Okay, so now that we’ve established the situations, on to the video. We open on Tonya Hardly (played by Brown herself) gliding around her attic in a snazzy black and white sweater and early-90s white floofy scrunchie…oh wait, that’s actually supposed to be her hair. Flash over to the Nancy Kerrigan character being pursued by Tonya in a fit of rage and a dress that could turn Medusa into stone (bonus points to those of you who get that reference!). Her anger-fueled, acid-trip tune turns deadly when she pulls out her “little hammer,” something that I initially thought was just an unusual rhyme, only to realize about fifty re-watches later that it’s a cultural reference to the Olympics in Lillehammer. I’m not quite sure what the significance of the parrot lady is, but Julie Brown’s finest moment in the video is when she bites her lip and takes aim with her gun. Pure, unadulterated, early 90s vengeance. The music turns sweet again as she scrolls through a list of her “idols,” other infamous ladies from the early 1990s. Then, here comes a wrestler with a wheelbarrow of money, for no apparent reason, and then Brown skates around some more, dances a bit on the podium under the American flag, and ends with a triumphant slap to Nancy’s face.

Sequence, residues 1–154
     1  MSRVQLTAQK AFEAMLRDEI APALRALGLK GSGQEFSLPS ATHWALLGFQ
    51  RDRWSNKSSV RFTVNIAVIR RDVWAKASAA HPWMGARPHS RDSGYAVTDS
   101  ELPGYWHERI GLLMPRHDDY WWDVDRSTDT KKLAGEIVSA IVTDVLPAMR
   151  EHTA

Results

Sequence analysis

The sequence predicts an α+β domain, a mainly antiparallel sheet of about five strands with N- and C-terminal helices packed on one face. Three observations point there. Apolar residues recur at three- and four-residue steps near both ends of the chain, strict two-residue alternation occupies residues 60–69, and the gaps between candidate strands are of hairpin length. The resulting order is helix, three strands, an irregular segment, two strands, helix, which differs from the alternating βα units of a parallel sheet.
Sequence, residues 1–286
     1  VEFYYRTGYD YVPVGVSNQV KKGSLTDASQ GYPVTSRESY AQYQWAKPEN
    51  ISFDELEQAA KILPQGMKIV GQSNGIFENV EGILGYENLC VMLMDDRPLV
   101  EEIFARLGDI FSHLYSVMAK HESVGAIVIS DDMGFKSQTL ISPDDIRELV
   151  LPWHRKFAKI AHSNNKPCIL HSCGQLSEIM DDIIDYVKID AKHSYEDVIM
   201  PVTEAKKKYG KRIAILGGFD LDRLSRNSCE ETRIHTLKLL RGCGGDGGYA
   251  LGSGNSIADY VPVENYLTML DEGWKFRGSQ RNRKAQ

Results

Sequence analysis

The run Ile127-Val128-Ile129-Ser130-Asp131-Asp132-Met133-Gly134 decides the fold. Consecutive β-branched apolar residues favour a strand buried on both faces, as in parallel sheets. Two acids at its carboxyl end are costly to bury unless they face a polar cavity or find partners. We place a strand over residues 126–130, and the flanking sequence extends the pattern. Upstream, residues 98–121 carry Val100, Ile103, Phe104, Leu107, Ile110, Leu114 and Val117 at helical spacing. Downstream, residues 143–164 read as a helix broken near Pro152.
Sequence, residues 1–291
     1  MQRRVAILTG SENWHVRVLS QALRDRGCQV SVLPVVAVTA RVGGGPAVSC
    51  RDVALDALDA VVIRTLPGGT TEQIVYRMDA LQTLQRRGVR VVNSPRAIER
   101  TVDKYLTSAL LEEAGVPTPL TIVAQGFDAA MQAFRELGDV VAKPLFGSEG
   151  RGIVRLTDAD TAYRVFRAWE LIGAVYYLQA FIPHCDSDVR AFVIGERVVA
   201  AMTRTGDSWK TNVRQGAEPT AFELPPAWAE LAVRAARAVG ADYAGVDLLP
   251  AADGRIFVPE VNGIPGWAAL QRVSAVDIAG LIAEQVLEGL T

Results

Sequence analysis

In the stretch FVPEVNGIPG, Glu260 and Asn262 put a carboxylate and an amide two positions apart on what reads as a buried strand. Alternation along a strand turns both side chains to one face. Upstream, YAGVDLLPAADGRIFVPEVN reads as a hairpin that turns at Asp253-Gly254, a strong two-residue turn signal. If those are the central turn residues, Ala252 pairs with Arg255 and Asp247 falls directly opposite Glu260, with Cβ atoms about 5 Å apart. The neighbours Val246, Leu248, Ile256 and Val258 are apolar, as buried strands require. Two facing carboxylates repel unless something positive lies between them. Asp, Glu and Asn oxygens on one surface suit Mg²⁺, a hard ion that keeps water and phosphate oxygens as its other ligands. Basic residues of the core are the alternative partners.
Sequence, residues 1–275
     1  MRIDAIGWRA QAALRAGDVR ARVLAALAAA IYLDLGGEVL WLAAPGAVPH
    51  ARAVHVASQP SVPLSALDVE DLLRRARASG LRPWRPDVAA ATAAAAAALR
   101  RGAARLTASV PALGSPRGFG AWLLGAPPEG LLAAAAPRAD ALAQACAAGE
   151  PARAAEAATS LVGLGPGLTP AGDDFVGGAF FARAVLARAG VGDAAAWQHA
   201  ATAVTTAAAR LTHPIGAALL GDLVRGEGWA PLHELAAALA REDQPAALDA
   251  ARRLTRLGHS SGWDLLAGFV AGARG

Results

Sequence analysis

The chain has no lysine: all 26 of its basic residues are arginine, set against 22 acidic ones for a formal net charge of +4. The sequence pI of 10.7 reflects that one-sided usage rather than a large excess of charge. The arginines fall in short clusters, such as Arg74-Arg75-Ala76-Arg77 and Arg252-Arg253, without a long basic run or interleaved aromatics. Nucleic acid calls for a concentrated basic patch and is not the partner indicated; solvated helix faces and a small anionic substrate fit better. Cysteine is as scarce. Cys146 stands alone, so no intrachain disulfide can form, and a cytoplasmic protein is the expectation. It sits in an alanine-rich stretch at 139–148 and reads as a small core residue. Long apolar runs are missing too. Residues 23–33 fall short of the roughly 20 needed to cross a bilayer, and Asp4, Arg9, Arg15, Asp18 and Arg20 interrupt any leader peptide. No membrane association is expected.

What did I learn from this video? Skating and shooting are two activities that go well together. Skating in the fog is fun and mystical. The girl who plays Nancy has a weird-shaped face. But the most important lesson of all is that Julie Brown is so talented that she can make the world fall in love with Trailer Park Tonya all over again (like they say in those commercials on PBS about the technicolor Shirley Temple Collection).

But seriously, folks…skate at your own risk.

This episode of Masterpiece YouTube has been brought to you by Winter. Winter: When you go outside and the snot freezes inside your nostrils, that means it’s working.

0

Post Offices in Israel

Going to the post office in Israel can be quite the adventure.

The hardest part?

Finding one.